Editor’s note: This is the second of a two-part opinion piece. To read part one, please click here.
In the previous article, I wrote about the decades-old public health problem of poultry-borne salmonellosis.
Editor’s note: This is the first of a two-part opinion piece.
In recent days the CDC and FSIS updated information on a continuing salmonellosis outbreak connected to raw and live turkeys. Since July 19…
“Regulation is bad for business.”
It’s an all-too-common refrain, but not exclusively a modern one.
Most people, when asked what they know about the origin of the U.S. Food, Drug and Cosmetics Act,…
Researchers from a German institute have expanded knowledge about produce harboring antibiotic resistance genes that often escape traditional molecular detection methods.
These antibiotic resistance genes might evade cultivation-independent detection, but could still be transferred to…
Researchers have investigated the prevalence of Bacillus cereus in infant formula sold in China.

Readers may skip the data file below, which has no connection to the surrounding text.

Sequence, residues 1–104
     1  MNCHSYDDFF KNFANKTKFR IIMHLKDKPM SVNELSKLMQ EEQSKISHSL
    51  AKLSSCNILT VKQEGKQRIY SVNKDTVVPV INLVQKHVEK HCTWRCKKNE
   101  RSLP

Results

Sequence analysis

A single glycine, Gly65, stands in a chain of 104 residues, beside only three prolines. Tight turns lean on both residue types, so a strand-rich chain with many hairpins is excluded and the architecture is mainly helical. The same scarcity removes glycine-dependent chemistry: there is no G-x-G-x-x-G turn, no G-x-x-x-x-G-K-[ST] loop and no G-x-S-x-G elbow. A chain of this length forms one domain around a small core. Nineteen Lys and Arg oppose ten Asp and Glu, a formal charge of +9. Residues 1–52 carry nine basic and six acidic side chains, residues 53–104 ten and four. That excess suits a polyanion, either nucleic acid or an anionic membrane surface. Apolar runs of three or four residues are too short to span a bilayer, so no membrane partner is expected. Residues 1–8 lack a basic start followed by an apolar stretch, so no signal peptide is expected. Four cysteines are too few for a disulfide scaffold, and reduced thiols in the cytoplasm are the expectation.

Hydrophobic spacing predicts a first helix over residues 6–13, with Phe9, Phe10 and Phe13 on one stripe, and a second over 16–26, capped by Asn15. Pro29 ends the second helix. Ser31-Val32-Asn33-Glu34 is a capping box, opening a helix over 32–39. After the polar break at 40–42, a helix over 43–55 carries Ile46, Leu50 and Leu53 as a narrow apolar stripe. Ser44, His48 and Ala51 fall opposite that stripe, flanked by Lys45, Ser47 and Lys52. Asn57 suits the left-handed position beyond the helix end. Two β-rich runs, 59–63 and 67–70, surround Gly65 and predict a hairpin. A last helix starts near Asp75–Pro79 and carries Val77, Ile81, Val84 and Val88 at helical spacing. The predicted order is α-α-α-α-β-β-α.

No legal microbiological criteria for the pathogen in powdered infant formula (PIF) and powdered follow-up formula (PFUF) exists in the country.…
The third in a series of four reports on synergies of official controls with food business operators’ internal protocols has been published.
It covers a fact finding mission to Belgium in Sept. 2017. Reports on…
Many vendors at farmers markets take inadequate precautions to prevent the spread of foodborne illness, and they should be trained to reduce food-safety risks, according to Penn State researchers who completed the final phase…
The Lloyd’s Register Foundation is scheduled to present a workshop on food safety in California next month.
The event is part of the foundation’s foresight review on the topic with the academic research laboratory Food…
Undeclared allergens have been driving recent increases in food recalls, which some say contributes to the trend of consumers ignoring recall notices. A year ago, a national recall consultant found millennials are the “least compliant…
The United Nations’ FAO and the World Health Organization have found that the risk of histamine development in fish of the Salmonidae family is unlikely to reach the levels needed to cause food poisoning.